Despite decades of dependence on sessional teaching staff, universities in Australia and internationally still find it difficult to support the teaching work of this large, casual workforce. A significant consequence of casually-employed teaching staff is risk; sessional academics’ professional identity is compromised, quality assurance of students’ learning experiences is uncertain, and this in turn, jeopardises universities’ teaching and learning programs. These risks have existed in universities for decades, yet policies and practices that support the work of sessional staff remain inconsistent or absent. The implementation model for supporting sessional staff described in this paper, the Four Phase Model, (the 4P Model) is informed by the Sessional Staff Standards Framework (BLASST 2013), and, the Collective Impact Model, known as the CI Model (Kania & Kraner 2011). The 4P Model could help faculties systematise actions towards standards-based support for sessional staff that are inclusive professionally and contribute to the development of quality teaching and learning practice. The authors explain the thinking behind the new 4P Model, and, discuss its usefulness as a vehicle for managing incremental progress within this ‘difficult to change’ context. An evaluation of a completed trial of Phase One of the 4P Model has been included to assist faculty with implementation of all four phases of this model.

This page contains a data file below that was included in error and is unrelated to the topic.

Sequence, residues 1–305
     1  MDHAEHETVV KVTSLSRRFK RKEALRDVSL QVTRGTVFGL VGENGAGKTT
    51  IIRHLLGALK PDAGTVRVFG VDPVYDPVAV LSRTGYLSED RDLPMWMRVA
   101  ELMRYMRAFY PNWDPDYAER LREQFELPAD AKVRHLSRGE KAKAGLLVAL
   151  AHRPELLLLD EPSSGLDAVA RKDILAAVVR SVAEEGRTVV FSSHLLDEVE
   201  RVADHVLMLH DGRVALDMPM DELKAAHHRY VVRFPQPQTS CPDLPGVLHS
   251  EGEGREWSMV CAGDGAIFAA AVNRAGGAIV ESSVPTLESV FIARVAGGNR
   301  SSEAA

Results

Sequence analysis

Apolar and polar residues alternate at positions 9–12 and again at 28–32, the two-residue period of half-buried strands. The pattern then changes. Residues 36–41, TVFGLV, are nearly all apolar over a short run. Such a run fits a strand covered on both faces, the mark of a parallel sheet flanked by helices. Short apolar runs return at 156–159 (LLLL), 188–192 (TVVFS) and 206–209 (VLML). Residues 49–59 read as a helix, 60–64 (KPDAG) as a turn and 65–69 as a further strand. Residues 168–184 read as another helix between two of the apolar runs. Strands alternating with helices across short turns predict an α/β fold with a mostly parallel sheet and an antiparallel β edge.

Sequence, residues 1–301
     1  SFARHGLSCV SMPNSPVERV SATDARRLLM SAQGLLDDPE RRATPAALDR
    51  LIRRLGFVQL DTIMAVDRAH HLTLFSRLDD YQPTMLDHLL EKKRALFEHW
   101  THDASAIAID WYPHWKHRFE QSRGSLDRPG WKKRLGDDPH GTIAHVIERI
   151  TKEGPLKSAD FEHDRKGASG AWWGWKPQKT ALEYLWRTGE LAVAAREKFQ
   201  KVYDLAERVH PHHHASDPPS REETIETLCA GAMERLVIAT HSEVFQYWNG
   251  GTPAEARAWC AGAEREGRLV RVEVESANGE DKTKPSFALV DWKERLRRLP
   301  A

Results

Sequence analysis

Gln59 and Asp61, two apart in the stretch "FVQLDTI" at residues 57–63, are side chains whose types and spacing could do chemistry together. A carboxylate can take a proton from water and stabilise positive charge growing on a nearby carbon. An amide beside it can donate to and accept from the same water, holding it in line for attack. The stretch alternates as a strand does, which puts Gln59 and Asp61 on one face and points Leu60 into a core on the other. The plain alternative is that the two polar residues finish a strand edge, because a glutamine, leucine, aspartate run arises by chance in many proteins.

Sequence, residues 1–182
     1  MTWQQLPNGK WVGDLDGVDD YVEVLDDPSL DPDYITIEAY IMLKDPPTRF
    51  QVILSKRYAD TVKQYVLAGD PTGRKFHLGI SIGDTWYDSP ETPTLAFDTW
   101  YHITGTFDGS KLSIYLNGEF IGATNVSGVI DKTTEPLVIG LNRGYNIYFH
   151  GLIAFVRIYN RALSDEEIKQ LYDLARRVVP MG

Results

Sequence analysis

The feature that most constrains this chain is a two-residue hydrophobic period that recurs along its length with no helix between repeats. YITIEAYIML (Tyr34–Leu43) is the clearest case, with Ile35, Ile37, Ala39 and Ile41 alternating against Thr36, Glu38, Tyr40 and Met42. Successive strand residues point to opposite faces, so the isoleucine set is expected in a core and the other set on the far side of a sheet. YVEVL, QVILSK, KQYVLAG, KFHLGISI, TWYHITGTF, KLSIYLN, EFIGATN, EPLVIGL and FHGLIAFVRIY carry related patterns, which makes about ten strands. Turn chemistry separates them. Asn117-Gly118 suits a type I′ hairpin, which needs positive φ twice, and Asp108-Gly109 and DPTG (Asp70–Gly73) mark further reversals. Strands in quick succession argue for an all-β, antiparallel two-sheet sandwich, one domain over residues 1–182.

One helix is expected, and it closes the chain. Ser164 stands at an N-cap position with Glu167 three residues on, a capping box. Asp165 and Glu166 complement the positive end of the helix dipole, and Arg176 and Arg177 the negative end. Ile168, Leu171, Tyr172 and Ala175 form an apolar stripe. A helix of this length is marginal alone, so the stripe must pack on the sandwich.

Recommended CitationSavage, Julia Dr and Pollard, Vikki Dr, Taking the Long Road: a Faculty Model for Incremental Change Towards Standards-based Support for Sessional Teachers in Higher Education, Journal of University Teaching & Learning Practice, 13(5), 2016.